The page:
Olathe woman files federal suit over redistricting
TOPEKA (AP) -- A Kansas woman filed a federal lawsuit on Thursday over the state Legislature's failure so far to redraw the state's political boundaries.
Robyn Renee Essex, a resident of the Kansas City suburb of Olathe, argues in the lawsuit that the state's existing political boundaries violate her constitutional rights because they haven't been adjusted yet to account for changes in population during the past decade.
One of Essex's attorneys, Brent Haden, of Columbia, Mo., is a former chief of staff to Kansas House Speaker Mike O'Neal, a Hutchinson Republican.
The lawsuit names Secretary of State Kris Kobach, the state's chief elections officer, as the defendant. Legislators have been told by Kobach and others that the maps need to be completed by May 11 and sent to the courts for approval to avoid delaying the June filing deadline and Aug. 7 primary.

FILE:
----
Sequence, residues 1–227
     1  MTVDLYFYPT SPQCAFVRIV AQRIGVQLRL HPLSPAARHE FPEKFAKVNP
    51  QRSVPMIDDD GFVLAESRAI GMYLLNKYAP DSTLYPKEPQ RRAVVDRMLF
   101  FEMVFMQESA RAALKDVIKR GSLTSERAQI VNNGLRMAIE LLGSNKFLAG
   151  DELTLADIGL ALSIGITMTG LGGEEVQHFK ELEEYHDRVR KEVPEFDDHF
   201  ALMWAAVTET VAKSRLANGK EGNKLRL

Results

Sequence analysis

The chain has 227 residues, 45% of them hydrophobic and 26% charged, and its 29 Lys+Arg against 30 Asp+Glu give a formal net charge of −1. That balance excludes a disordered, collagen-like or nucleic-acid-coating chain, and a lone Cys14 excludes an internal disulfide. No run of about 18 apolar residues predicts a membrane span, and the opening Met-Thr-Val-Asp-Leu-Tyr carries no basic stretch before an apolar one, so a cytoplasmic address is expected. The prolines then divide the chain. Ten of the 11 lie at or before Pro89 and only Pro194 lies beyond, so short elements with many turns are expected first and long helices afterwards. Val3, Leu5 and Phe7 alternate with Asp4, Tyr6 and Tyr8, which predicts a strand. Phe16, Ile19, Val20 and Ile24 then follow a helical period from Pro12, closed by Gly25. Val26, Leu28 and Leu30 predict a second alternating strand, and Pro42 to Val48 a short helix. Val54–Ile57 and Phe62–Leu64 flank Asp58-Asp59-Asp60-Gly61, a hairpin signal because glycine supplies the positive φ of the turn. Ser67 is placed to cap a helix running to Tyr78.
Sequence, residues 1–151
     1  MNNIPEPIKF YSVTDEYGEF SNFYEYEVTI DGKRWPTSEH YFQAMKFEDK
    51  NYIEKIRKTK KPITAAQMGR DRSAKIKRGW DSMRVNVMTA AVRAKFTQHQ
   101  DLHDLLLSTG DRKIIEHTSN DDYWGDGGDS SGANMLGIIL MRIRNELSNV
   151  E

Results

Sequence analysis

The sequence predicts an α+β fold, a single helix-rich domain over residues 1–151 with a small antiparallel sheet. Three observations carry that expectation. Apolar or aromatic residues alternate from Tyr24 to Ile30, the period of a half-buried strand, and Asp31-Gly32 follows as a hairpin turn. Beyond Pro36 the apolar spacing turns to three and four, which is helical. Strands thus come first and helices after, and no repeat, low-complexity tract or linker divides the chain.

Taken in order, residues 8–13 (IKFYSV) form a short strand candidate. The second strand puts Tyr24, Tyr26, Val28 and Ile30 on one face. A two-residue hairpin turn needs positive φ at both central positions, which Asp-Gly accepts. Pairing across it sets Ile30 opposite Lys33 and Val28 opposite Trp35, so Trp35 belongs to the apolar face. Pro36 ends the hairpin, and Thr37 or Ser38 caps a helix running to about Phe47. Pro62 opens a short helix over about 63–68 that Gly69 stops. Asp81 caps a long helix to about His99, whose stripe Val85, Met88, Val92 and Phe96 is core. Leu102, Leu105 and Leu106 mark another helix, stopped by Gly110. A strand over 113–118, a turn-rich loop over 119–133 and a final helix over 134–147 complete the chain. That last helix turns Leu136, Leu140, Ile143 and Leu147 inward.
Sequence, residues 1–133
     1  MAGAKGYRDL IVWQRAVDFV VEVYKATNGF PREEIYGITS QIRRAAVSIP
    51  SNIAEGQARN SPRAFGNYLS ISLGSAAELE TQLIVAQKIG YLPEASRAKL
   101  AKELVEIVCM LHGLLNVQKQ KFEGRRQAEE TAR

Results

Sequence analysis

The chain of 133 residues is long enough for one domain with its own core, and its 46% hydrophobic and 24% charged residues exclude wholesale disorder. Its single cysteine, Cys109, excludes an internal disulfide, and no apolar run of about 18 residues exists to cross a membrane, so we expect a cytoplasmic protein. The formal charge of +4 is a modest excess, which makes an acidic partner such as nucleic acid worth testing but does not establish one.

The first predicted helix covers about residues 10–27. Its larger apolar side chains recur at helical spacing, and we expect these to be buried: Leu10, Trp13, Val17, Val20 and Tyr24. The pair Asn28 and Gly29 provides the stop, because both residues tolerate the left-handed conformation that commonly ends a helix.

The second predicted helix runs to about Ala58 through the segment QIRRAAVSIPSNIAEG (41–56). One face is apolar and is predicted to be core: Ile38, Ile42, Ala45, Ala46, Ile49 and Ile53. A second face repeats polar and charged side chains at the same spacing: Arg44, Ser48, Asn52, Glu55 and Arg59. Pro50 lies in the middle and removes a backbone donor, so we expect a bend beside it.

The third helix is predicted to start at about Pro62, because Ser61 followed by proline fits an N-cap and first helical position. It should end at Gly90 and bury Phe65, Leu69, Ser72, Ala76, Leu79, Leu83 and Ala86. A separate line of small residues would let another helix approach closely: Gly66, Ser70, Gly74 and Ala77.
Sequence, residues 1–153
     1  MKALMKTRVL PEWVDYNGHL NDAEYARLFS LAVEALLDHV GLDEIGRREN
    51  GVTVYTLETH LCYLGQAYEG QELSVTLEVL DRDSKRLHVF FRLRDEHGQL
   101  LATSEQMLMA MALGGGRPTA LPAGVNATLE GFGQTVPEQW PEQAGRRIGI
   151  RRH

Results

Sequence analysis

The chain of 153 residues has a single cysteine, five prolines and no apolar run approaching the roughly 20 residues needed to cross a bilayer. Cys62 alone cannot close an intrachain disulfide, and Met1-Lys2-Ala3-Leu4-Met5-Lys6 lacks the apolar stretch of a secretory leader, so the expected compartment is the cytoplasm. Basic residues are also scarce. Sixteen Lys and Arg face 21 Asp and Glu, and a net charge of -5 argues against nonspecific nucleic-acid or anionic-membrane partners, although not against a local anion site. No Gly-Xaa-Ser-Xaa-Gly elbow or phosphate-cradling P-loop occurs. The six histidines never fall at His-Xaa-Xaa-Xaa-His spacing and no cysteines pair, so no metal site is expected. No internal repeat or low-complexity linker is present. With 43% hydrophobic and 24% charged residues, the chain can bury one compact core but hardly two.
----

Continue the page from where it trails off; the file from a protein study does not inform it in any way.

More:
In the lawsuit, Essex expressed doubt that legislators will be able to break a stalemate on redistricting. She suggests one option would be for a panel of three federal judges to set new legislative and congressional districts.
Senators approved a map redrawing their districts Tuesday on a 21-19 vote, which collapsed a district in western Kansas and created a new one in Johnson County. The House rejected the map Wednesday because, among other reasons, the new boundaries in western Kansas diluted minority votes.
The underlying issue in the standoff between the two chambers has been Republican infighting, specifically conservative House incumbents who have filed to challenge moderate Senate leaders in the August primary. Initial Senate maps were drawn that excluded the challengers from the incumbents' districts.
Legislators have been expecting the differences between the House and Senate leadership over redistricting ultimately would land the process in state or federal court. The Senate has appropriated $500,000 to hire attorneys to defend its actions, while the House has included $2 million in its budget.